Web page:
That's one clear conclusion of a new 15-page report, "Interagency Review of Foreclosure Policies and Practices," issued by the Federal Reserve, Office of the Comptroller of the Currency and Office of Thrift Supervision, three federal agencies that are supposed to regulate banking institutions.
The report may be most noteworthy for its finding of serious deficiencies in loan servicers' foreclosure operations and its tepid recommendations for improvement.
And the report also contains an illuminating and troubling section that outlines the harm that has been and could be caused by these rogue companies:
- Foreclosures with inaccurate documentation.
- Foreclosures that shouldn't occur due to other intervening circumstances.
- Violations of state foreclosure laws designed to protect consumers.
- Inaccurate fees and charges assessed against borrowers and their property, making it harder for borrowers to bring their loans current.
- Foreclosures that occur even though the borrower has been approved for a loan modification.
- Delays of a year or longer in foreclosure processing.
- Slow clearing of excess inventory of foreclosed properties, leading to extended periods of depressed home prices.
- Inefficient disposition of foreclosed homes and clearing of seriously delinquent mortgages, particularly in areas with high concentrations of vacant and abandoned properties.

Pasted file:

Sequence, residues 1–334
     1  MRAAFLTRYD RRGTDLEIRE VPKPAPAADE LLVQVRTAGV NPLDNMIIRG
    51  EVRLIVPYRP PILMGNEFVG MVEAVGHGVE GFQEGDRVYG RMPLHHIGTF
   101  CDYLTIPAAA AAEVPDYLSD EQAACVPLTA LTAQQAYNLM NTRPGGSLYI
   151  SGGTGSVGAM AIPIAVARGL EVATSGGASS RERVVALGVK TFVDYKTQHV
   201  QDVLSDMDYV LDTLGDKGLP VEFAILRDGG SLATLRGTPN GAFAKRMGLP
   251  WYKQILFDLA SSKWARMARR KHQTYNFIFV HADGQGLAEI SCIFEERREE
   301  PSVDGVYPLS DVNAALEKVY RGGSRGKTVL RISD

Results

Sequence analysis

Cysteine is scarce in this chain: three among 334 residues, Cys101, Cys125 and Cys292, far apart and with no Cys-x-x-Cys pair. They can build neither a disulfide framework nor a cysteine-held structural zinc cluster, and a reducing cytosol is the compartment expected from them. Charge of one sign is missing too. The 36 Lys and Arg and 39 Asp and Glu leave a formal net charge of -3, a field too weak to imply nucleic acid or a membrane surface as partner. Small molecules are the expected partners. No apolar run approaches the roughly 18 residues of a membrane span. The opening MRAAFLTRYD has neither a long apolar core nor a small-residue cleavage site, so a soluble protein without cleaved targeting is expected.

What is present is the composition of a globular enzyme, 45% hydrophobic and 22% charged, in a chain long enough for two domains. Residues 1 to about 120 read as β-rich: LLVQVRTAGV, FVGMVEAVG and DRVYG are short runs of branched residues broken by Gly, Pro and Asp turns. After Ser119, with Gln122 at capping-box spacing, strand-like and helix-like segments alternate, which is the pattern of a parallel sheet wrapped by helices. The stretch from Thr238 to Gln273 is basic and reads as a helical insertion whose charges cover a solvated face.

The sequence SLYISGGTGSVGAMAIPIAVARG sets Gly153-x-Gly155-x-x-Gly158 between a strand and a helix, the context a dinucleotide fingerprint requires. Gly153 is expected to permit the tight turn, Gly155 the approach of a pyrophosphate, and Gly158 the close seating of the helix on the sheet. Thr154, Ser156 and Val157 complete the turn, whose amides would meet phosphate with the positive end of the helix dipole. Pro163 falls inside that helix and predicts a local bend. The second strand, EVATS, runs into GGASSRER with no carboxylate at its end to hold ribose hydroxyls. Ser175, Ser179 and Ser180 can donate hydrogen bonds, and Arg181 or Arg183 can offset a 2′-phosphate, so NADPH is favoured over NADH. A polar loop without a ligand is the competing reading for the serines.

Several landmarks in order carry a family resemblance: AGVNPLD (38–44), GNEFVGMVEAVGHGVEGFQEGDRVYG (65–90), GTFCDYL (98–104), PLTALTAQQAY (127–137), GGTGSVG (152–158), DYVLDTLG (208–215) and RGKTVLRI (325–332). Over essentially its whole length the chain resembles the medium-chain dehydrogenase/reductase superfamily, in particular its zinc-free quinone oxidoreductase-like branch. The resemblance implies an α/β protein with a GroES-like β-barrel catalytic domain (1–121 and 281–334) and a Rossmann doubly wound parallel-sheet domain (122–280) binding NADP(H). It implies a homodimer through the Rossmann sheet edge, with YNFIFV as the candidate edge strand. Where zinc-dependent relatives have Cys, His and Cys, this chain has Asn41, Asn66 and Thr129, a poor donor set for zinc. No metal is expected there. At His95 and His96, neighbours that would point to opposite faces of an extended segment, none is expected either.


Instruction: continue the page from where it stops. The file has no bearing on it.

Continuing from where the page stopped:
- Impediments to communities working to stabilize local neighborhoods and housing markets.
- Adverse effects on neighborhoods of foreclosed homes that remain vacant for extended periods, particularly if the homes aren't properly maintained.
- Depressed homebuyer and investor confidence.
- Adverse effects on efforts to attain a stable national housing market.
- Financial cost of remedying procedural errors and refiling affidavits and other foreclosure documents.
- Legal costs related to disputes over note ownership or authority to foreclose, and allegations of procedural violations through the use of inaccurate affidavits and improper notarizations.
- Uncertainty for investors in securitized mortgages.
- Increased demands on courts to resolve foreclosure-related matters, including note ownership.
- Loss of confidence in the reliability of affidavits filed on behalf of servicers as persuasive evidence.
Bottom line: That's all bad.
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